Former Georgia Congresswoman Cynthia McKinney, defeated for re-election by a handkerchief head Negro, has moved to California, enrolled in a Ph.d program, switched parties, and announced a bid for President on the Green Party ticket. Whatcha’ll think?
Hat Tip: By Jeffry Scott, Atlanta Journal Constitution
Former Georgia congresswoman Cynthia McKinney seems to have ended any notions of running again for state office in Georgia and has registered to vote in California where she is still considering a run for president on the Green Party ticket.
In recent weeks McKinney — who last month posted a letter on her Web site declaring that she had no interest in the Green Party nomination — has appeared at fund-raisers in California, where a group named Run! Cynthia! Run! is trying to draft her as the party’s candidate in California.
McKinney’s name already is on the ballot in California, along with six other Green Party candidates, including Ralph Nader. She and the others were nominated by a Green Party convention in September in California.
The fact that McKinney’s name remains on the ballot has given supporters hope, said John Morton, a California Green Party delegate.
“She’s got us all guessing, but she hasn’t removed her name, and that’s a good sign. I talked to her last week, and she said she’s very interested but not ready to make an announcement.”
Two weekends ago McKinney attended a rally with anti-war activist Cindy Sheehan, who is running for the San Francisco seat held by Democratic Speaker of the House Nancy’s Pelosi. Sheehan told the crowd that McKinney is running for president.
McKinney, who served five often-provocative terms as a U.S. congresswoman representing voters in DeKalb County and roughly the southeastern section of metro Atlanta, has been registered to vote in Marin County since May 4, 2007, according to records at the Marin County Registrar of Voters. Marin is a county north of San Francisco.
According to the Georgia secretary of state’s office, she is still registered to vote in Georgia, but has not voted since December 2006. Secretary of state director of media Matt Carrothers said state law does not require she notify the state that she is now a registered voter in California.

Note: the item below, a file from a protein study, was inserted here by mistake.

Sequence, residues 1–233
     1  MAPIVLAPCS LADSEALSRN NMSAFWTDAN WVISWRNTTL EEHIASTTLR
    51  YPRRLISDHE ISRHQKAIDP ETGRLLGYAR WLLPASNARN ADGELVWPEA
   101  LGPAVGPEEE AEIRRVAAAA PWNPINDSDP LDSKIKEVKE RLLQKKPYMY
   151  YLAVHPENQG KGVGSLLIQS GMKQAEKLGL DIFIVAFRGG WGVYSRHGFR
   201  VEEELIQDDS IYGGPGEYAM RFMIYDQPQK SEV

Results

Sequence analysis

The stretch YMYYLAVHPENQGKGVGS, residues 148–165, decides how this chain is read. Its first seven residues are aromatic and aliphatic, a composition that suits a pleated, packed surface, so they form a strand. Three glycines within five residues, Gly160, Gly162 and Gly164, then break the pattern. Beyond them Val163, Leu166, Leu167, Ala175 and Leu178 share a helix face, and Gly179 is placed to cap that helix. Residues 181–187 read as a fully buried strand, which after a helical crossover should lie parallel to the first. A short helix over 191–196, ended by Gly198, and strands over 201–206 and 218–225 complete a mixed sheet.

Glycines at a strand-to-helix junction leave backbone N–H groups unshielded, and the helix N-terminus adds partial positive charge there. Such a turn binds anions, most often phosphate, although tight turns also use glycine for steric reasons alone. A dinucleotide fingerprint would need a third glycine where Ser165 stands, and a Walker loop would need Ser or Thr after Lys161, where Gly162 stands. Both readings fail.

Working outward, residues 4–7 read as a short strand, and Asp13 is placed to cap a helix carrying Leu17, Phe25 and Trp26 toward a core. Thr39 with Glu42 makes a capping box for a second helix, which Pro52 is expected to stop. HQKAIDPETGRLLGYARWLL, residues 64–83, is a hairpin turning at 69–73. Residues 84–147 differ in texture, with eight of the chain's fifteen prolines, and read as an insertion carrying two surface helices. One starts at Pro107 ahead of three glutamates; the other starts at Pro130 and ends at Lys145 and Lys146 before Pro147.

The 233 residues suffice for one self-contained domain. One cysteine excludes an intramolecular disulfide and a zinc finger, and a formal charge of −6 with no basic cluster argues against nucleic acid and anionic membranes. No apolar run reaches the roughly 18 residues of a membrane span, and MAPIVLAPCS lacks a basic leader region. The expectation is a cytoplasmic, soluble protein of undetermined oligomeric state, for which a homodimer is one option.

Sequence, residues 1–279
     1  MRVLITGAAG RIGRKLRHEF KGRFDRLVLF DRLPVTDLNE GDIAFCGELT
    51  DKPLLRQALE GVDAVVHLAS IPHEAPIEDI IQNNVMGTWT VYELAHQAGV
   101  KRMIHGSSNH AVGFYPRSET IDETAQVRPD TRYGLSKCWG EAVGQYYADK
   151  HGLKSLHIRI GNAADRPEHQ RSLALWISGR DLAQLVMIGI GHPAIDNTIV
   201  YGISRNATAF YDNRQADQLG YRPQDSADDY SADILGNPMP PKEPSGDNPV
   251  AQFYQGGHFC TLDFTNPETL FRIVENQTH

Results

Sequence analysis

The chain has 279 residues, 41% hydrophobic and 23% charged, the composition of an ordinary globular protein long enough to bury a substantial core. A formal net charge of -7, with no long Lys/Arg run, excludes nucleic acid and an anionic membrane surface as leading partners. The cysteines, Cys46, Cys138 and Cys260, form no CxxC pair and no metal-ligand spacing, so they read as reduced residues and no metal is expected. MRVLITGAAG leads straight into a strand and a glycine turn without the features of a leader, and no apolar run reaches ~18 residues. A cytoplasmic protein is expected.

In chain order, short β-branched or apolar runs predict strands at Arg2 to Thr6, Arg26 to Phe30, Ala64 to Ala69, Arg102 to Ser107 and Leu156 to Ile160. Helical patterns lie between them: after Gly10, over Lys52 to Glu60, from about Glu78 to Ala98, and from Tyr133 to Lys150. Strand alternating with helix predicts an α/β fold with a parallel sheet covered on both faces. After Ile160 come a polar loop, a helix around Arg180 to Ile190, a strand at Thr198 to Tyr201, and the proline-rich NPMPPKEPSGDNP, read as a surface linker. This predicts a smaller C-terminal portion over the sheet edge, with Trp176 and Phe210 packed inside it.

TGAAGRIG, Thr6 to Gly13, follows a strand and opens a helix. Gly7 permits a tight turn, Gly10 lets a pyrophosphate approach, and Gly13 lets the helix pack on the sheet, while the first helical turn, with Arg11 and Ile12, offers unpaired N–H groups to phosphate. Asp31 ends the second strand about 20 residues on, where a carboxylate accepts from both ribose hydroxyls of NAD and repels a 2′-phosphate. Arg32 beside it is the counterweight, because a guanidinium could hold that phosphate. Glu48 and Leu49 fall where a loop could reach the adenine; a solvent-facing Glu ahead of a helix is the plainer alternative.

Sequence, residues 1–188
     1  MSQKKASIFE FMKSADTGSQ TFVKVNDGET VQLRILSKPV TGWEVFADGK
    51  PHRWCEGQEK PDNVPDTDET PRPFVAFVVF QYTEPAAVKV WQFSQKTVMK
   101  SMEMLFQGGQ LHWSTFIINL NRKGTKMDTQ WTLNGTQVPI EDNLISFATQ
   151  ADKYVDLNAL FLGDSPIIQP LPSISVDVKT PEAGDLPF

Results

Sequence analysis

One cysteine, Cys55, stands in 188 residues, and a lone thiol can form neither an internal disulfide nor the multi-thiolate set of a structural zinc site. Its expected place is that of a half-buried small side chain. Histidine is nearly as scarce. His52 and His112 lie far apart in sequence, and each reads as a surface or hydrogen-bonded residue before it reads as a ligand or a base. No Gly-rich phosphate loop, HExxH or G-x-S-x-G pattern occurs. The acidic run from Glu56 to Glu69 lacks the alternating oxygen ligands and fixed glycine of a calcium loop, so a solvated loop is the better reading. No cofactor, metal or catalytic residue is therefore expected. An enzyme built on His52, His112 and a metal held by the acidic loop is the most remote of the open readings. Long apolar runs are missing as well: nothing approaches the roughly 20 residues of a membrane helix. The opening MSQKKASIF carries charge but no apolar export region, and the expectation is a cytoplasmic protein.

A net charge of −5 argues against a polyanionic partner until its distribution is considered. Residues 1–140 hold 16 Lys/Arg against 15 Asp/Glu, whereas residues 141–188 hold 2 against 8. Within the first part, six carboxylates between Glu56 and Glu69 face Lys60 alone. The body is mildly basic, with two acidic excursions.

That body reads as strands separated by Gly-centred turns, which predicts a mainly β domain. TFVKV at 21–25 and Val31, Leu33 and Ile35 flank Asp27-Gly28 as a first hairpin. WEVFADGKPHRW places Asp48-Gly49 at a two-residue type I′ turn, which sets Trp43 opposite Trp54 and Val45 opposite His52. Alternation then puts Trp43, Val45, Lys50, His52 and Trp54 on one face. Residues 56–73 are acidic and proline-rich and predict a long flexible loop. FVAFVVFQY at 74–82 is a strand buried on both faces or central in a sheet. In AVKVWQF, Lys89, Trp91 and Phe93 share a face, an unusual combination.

“But since she is registered to vote there, she cannot vote in Georgia,” Carrothers said.
Vicki Leidner, chairwoman of the Feminst Issues Group of the San Francisco Green Party, hosted a fund-raiser for McKinney two weekends ago when, she said, “we raised a good chunk of money, especially for someone who hasn’t declared she is running.”
Leidner said McKinney has sought to keep a low profile in moving to the San Francisco area, where she has been accepted as a doctoral student at the University of California at Berkeley. “After you been through the things she’s been through, you learn to be a little quiet about things,” Leidner said.
Brent McMillan, political director for the national Green Party, said the party also is seeking to get her name on the ballot in Illinois. “California and Illinois are the first- and second-largest Green Party states.”
McKinney is not yet registered as a presidential candidate in Illinois, and, by law, cannot register before Oct. 29. To register she must first submit a petition with between 3,000 and 5,000 signatures to be eligible.
California delegate Morton said McKinney has a place in Marin County but he believes she still divides her time between San Francisco and Atlanta.
“We expect her to move out here by the first of the year,” he said. “She still has matters to deal with back in Atlanta.” Morton said he believes McKinney, who the Green Party courted to run in 2004, is the perfect Green candidate.
“She’s very outspoken, and even when she was a Democrat she didn’t follow the dictates of the party,” he said. “She has a Green mind, believes in social justice, is against the war.”
McKinney could not be reached for comment.
Cynthia McKinney, a former Democratic Congresswoman from Georgia, was in California this weekend to test the waters for a potential bid for the Green Party’s 2008 Presidential Nomination. Last month, she left the Democratic Party in the wake of its failure to end the War in Iraq and the many and sundry defeats it has sustained since taking back power on Capitol Hill this past January.
McKinney, defeated for re-election last fall by a handkerchief head uncle tom, has been courted steadily since then to take up the Green banner and continue her progressive fight against the imperialistic Bush war machine. An announcement is expected shortly about her future intentions.
|May 09, 2007|